Circle Mirror Transformation begins with a beaming woman entering the room and sounding a tiny bell: a feng shui technique that clears the air and energises the space. The scene – which appears to have been invented by director Shannon Murphy – tells us a lot about this character, but it also establishes precisely the right mood for the show that unfolds. There's a lot of warming, positive energy flowing about the room in this production. We're all safe here.
We peek, as if through a window, into a wooden-floored community centre in Shirley, Vermont. Five individuals – truly an assortment of mixed nuts – gather, unshoe, and play theatre games in a weekly 'creative drama' class. The classes, however, turn out to be much less about theatre and much more about therapy; less about getting in the spotlight than illuminating their inner selves.
Young American playwright Annie Baker serves up the story in light, easy-to-digest – some might even say premasticated – portions. But Circle Mirror Transformation proves to be a wholly satisfying theatre experience with a director and cast willing to dig in and provide the depth. What's far more interesting than the monologuing of backstories – and Baker's script is peppered with long, pregnant silences – is what we learn through watching the characters simply exist.
Every one of them is brought vividly, recognisably and beautifully to life. Marty (Eliza Logan) is the teacher, the very embodiment of New Age mumbo-jumbo, singing her speech and deafly lecturing on the vital importance of listening. There's the blonde former actress Theresa (Jenni Baird), 35, wearing stripy fingersocks, putting her heart and soul into portraying a maple tree and hula-hooping her way into the heart of recently divorced Schultz (Paul Gleeson), 48. Marty's husband James (Alan Dukes), gives the distinct impression of just being there to fill up numbers, while we learn an incredible amount about 16-year-old Lauren (played by 21-year-old Chloe Bayliss in her stage debut, an astonishing find) simply from the way she paces the perimeter of the room, burying her hands in her hoodie pockets as if hoping for invisibility. All of them have something to discover about themselves.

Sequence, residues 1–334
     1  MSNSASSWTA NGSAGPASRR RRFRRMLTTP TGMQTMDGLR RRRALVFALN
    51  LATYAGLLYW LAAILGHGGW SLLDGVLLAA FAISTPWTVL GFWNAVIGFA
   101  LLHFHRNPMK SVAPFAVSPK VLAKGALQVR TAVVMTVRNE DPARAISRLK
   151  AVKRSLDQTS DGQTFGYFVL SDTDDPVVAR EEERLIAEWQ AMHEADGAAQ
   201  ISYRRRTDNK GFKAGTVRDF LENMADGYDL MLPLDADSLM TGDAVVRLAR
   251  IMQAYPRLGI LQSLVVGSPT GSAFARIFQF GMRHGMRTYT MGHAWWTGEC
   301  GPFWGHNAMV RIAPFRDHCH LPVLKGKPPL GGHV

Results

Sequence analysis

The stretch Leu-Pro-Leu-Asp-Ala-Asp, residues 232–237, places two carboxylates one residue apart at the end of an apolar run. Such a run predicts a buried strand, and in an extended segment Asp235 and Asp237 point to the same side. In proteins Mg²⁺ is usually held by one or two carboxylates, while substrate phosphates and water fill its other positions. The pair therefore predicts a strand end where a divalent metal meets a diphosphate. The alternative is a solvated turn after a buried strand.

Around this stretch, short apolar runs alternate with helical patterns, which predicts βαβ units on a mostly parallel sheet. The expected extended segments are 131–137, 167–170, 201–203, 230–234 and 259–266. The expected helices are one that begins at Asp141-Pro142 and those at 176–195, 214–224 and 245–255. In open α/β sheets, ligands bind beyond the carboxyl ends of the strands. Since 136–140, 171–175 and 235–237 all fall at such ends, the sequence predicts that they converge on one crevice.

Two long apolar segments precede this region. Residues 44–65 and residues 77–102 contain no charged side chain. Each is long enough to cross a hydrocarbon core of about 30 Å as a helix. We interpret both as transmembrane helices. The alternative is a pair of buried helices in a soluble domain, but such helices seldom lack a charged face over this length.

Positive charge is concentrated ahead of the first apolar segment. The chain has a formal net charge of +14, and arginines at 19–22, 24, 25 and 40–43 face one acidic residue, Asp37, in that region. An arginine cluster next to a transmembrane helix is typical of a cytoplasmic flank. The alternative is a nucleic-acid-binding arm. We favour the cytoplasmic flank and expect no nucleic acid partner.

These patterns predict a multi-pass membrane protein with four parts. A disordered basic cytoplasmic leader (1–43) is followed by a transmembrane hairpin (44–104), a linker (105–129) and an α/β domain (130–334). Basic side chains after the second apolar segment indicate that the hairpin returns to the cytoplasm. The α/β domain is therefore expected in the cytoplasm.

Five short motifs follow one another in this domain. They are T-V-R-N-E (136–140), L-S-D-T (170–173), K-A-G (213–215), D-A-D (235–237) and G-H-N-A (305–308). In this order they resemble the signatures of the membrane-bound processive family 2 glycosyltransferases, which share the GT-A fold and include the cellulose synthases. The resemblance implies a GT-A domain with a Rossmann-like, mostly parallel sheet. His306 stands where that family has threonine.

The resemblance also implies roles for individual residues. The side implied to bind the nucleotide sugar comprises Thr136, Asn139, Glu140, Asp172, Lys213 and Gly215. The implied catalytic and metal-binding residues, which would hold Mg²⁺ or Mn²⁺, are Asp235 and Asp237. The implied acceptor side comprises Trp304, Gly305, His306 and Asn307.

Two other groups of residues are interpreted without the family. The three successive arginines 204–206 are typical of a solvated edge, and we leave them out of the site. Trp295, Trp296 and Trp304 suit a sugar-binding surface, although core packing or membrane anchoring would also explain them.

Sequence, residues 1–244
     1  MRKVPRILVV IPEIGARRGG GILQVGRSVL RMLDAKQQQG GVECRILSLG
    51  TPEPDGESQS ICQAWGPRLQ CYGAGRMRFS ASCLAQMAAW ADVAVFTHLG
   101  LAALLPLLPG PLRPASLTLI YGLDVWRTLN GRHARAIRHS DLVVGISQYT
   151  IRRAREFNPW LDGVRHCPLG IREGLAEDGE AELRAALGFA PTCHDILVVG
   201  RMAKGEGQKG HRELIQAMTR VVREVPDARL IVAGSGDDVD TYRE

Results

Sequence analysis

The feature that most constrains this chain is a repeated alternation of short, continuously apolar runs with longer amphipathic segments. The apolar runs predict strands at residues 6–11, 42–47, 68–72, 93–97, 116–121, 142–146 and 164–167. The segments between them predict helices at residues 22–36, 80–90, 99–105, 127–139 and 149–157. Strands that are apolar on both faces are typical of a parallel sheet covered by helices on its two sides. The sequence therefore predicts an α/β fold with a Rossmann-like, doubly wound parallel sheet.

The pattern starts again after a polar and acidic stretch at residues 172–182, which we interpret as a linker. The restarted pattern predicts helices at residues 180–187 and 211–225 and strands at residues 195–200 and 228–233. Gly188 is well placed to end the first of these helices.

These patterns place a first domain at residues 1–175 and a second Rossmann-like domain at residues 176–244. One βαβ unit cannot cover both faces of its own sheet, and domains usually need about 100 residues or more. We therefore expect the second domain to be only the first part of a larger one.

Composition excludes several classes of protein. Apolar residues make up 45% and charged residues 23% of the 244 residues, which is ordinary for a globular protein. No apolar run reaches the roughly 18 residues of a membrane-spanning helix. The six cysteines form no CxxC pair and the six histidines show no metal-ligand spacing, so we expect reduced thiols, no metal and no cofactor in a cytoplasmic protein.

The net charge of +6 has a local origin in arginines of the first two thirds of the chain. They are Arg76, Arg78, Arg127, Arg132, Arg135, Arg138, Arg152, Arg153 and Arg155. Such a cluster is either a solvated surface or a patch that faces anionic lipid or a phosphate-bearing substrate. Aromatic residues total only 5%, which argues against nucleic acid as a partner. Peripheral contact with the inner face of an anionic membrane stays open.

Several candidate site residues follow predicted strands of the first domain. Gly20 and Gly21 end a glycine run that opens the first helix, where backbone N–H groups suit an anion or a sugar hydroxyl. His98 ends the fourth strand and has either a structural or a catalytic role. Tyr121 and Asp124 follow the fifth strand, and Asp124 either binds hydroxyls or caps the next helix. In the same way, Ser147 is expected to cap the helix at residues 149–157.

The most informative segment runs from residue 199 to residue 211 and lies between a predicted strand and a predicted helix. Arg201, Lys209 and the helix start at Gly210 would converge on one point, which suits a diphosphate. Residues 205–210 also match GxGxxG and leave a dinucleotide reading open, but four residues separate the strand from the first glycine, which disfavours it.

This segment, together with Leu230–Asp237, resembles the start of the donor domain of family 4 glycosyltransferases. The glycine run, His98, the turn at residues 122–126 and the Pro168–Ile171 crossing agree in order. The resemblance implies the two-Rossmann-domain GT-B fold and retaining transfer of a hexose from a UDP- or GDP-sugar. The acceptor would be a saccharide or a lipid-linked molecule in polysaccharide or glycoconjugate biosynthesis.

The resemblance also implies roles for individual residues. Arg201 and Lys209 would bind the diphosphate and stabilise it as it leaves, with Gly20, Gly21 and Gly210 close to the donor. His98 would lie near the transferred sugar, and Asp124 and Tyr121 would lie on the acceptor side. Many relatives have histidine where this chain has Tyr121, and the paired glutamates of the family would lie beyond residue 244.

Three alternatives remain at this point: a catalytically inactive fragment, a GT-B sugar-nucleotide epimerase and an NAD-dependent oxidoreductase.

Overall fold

Murphy runs a tight and fast-moving production, padding Baker's scene transitions with breezy guitar-pickin' (composer Steve Toulmin) and slightly odd incidental commentary. She and her cast aim headfirst for funny and get there every time. Bayliss and Dukes in particular have mastered the art of cracking up the audience with a mere look (Lauren's thundercloud expression; James's ever-wearying smile).
That said, the urge to keep the Ensemble Theatre audience atitter occasionally skirts the potential pathos a little too swiftly, too rashly. Too many laughs seems an odd thing of which to complain, but an ill-advised smooch, also seemingly unscripted, nudges proceedings into sitcom territory precisely when a soft-sell might have hit home. A scene in which James and Theresa trade gobbledegook – gobbledegook loaded with meaning – strikes much closer to the heart of Baker's play and the audience.
There's no shortage of explosive theatre on Sydney stages at the moment – guns going off, lungfuls of carbon monoxide, fistfuls of sleeping pills – but Circle Mirror Transformation is more interested in the slow, subtle way that lives can be forever changed – even while you're wearing socks. These are the sort of life transformations, Baker suggests in a sweet quasi-epilogue crafted for maximum sentimental impact, that might only come into focus years later. Murphy's production captures this perfectly. There's a lot to be said for a show whose theatrical embrace is as warm and sincere as that shared between new friends.